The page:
flight path started) F percent of the way through move m_blah. F is a
number between 0 and 100) is the time F percent of the way through
move blah. 0 is the start of the move, 100 is the end.
For example, t_m_prev_100 is the time that the previous move ended and equals t_m_curr_0.
t_m_blah_3s is the time three seconds through move blah i.e. t_m_blah_3s = add(t_m_blah_F_0,t_3s). If move blah is less than 3 seconds, the time will be in some following move. (There's also t_m_prev_-4s, t_m_succ_13.31s, etc.)
p_m_blah_0 is the point at the start of move m_blah in the (presmoothed=raw) flightpath while
p_m_blah_100 or p_m_blah_1 is the point at the end of m_blah in the raw flightpath.
For example, p_m_curr_1 = p_m_next_0.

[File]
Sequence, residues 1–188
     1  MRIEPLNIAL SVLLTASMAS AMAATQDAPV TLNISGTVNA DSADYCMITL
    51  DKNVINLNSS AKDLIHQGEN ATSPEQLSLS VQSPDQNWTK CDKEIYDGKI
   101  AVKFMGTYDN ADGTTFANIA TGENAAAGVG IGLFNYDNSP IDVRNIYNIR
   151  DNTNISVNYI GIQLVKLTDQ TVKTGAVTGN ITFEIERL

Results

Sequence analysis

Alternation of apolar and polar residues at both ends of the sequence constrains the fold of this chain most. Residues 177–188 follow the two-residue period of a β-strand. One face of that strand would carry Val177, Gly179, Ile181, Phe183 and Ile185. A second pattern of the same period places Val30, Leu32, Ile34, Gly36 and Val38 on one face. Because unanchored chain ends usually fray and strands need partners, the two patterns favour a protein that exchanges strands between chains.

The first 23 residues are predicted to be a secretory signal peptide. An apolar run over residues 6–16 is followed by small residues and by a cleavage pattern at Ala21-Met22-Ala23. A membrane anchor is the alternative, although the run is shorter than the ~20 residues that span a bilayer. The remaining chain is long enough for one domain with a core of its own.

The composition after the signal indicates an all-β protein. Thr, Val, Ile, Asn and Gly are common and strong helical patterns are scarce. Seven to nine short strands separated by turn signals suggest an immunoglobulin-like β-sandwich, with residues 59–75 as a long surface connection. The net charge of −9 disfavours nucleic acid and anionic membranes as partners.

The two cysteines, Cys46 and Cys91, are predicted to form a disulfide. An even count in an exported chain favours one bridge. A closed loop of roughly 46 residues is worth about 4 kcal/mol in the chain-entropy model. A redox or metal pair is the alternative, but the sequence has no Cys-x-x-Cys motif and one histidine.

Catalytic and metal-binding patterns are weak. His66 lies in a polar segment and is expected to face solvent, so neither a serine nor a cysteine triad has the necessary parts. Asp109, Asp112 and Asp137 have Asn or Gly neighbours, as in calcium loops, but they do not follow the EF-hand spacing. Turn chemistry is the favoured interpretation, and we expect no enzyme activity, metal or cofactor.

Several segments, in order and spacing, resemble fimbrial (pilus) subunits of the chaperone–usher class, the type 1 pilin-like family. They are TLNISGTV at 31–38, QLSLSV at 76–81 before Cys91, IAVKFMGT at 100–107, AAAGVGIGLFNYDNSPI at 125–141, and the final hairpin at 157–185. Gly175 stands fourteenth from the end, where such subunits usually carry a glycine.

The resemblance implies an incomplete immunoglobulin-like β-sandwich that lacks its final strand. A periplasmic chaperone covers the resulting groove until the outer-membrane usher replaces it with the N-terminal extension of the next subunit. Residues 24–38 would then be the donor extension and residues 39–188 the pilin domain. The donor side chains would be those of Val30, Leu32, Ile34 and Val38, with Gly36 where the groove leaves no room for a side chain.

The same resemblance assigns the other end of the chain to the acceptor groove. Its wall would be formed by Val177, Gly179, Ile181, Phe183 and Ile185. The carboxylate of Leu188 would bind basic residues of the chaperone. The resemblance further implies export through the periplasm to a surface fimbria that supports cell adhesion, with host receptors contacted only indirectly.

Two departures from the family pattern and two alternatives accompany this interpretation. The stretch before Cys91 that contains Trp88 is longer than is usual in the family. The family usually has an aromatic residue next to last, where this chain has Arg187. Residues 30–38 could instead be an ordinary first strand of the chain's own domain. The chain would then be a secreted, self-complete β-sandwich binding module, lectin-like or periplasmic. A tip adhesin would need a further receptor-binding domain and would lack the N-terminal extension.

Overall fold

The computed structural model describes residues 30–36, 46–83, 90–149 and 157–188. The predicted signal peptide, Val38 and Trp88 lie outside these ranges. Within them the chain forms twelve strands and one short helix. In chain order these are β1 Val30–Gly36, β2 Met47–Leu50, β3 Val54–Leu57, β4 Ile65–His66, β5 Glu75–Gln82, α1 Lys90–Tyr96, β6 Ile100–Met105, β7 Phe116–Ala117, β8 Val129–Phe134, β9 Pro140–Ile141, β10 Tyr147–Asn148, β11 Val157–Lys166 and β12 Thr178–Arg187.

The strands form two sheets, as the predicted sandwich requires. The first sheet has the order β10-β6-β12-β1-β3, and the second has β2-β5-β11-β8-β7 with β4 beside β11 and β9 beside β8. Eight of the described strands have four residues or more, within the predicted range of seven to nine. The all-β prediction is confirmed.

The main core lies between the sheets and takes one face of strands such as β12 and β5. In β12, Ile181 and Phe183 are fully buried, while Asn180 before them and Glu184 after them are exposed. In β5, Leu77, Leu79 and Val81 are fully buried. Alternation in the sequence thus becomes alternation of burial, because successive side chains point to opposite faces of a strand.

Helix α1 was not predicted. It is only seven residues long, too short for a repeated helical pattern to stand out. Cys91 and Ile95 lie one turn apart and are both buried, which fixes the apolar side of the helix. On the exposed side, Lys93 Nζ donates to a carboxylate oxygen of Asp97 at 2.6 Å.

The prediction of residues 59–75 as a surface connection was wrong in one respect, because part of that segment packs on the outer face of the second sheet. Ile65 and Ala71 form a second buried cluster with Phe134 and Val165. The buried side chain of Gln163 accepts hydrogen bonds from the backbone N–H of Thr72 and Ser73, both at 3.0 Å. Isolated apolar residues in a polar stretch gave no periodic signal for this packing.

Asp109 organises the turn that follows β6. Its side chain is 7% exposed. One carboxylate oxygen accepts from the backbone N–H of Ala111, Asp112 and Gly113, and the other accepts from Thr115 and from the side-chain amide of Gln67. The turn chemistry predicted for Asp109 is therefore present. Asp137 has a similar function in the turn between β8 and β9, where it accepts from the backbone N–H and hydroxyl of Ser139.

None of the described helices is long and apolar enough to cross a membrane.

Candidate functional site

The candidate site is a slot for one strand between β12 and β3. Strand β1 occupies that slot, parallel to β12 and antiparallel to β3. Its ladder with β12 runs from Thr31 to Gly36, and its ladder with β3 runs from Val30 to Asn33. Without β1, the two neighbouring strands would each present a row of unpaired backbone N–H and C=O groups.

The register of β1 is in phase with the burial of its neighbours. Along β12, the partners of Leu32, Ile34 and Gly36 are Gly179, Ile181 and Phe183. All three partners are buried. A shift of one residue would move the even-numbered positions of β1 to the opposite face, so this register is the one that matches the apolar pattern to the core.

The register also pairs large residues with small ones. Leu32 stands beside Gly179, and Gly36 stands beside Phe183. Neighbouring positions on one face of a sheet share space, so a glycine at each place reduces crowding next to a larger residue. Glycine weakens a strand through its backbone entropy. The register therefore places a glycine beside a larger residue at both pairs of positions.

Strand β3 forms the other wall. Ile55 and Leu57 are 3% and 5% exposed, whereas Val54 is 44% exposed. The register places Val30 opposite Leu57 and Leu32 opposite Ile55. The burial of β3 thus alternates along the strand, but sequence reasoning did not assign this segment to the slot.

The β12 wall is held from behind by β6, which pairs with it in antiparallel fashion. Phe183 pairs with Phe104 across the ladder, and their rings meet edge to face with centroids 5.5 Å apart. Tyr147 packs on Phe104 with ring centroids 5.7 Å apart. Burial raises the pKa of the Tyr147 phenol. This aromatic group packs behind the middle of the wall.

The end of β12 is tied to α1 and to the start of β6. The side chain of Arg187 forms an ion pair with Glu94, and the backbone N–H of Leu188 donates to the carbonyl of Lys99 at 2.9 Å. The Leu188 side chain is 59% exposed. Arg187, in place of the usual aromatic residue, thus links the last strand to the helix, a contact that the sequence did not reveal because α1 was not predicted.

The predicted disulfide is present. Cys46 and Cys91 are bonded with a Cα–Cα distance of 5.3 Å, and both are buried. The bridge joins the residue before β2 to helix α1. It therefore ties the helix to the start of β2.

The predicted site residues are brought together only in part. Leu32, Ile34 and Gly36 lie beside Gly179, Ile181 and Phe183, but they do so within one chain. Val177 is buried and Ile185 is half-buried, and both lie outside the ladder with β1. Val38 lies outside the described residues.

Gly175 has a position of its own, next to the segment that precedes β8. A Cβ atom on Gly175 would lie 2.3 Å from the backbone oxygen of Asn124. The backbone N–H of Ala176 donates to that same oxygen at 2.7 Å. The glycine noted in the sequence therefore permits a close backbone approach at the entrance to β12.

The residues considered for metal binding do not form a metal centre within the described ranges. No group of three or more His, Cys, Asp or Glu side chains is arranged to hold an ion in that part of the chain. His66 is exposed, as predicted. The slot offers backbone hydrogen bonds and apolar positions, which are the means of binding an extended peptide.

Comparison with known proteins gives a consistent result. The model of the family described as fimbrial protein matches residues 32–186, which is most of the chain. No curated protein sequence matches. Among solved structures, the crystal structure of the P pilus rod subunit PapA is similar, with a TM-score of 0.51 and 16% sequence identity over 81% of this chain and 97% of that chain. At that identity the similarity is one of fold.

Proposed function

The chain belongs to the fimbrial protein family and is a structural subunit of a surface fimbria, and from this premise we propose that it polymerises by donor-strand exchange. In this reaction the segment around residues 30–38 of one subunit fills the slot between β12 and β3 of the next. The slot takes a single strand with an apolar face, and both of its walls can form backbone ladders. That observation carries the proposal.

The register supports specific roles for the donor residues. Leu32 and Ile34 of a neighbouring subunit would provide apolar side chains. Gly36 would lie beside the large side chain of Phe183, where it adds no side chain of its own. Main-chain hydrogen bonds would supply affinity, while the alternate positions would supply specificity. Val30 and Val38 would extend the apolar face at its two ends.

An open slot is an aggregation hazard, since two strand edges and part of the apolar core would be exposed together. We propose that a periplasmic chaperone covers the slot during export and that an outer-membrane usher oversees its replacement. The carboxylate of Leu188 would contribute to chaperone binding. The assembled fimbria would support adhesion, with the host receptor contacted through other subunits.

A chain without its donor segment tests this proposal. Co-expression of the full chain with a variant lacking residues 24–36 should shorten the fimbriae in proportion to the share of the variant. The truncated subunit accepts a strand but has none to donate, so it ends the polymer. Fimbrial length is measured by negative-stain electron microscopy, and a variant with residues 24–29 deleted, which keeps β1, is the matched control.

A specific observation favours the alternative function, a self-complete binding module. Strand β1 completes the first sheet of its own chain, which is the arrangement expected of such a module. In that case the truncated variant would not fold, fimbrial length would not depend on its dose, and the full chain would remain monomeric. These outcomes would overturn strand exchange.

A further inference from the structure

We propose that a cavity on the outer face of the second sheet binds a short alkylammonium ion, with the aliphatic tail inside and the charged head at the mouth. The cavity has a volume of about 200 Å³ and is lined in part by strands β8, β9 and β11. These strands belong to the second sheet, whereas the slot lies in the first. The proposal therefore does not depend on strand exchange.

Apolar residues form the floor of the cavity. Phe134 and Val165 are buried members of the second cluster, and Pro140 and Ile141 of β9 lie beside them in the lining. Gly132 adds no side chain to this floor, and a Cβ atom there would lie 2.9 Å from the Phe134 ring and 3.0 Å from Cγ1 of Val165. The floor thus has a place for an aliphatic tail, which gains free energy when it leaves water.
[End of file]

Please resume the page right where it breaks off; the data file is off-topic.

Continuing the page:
<EFFECT id> <LABEL g_id [... gidn] t_start END=t_y> # turns on labels for groups g_id,g_id2,...,g_idn at time t_x (which could be t_0s) and turns them off at time t_y # Note: one can use LABELON instead of LABEL. <LABEL g_id [... gidn] t_start DUR=t> # ditto, but t_y := t_x + t. <LABEL g_id [... gidn] t_start> # ditto, but labels never turned off <LABELOFF g_id [... gidn] t_start> # labels for these groups turned off at time t_start <ANIM t_start END=t_y STEP=n SPEED=m> # starts animation at time t_start and ends at time t_y # m = number of steps per second (default n=0, m=10) # equiv to m/FPS steps per frame i.e. one step every round(FPS/m) frames <ANIM t_start DUR=t STEP=n SPEED=m> # t_y := t_x + t <ANIM t_start STEP=n SPEED=m> # animation never stops <ON g_id [... gidn] t_x> # turns on groups g_id,g_id2,...,g_idn at time t_x (which could be t_0s or 0) <OFF g_id [... gidn] t_x> # turns off groups g_id,g_id2,...,g_idn at time t_x <FADEON g_id [... gidn] t_x DUR=t ALPHA=a INTERP=k> # turns on groups g_id,g_id2,...,g_idn at time t_x, ALPHA reaches a at time t_x+t # interpolation method is k ([0..1]^k so k=1 is linear, k=2 is quadratic) # or k is LOG or EXP <FADEON g_id [... gidn] t_x END=t_y ALPHA=a INTERP=k> # ditto but ALPHA reaches a at time t_y i.e. t_y := t_x + t <FADEON g_id [... gidn] t_x END=t_y ALPHA=a> # linear interpolation <FADEON g_id [... gidn] t_x DUR=t ALPHA=a> # linear interpolation with t_y := t_x + t <FADEON g_id [... gidn] t_x INTERP=k ALPHA=a> # k-interpolation with t_y := t_x + 5 (i.e. t=5) <FADEOFF g_id [... gidn] t_x END=t_y ALPHA=a INTERP=k> # turns off groups g_id,g_id2,...,g_idn by reducing ALPHA from a at time t_x to 0 at time t_y <FADEOFF g_id [... gidn] t_x DUR=t ALPHA=a INTERP=k> # t_y := t_x + t, k is 1 by default, t is 5 seconds by default <NEARCLIP t_x END=t_y FROM=c0 TO=c1 INTERP=k> # k-interpolate near-clipping plane from c0 at time t_x to c1 at time t_y <NEARCLIP t_x DUR=t FROM=c0 TO=c1 INTERP=k> # t_y := t_x + t, k is 1 by default, t is 5 seconds by default <FARCLIP t_x END=t_y FROM=c0 TO=c1 INTERP=k> # k-interpolate far-clipping plane from c0 at time t_x to c1 at time t_y <FARCLIP t_x DUR=t FROM=c0 TO=c1 INTERP=k> # t_y := t_x + t </EFFECT>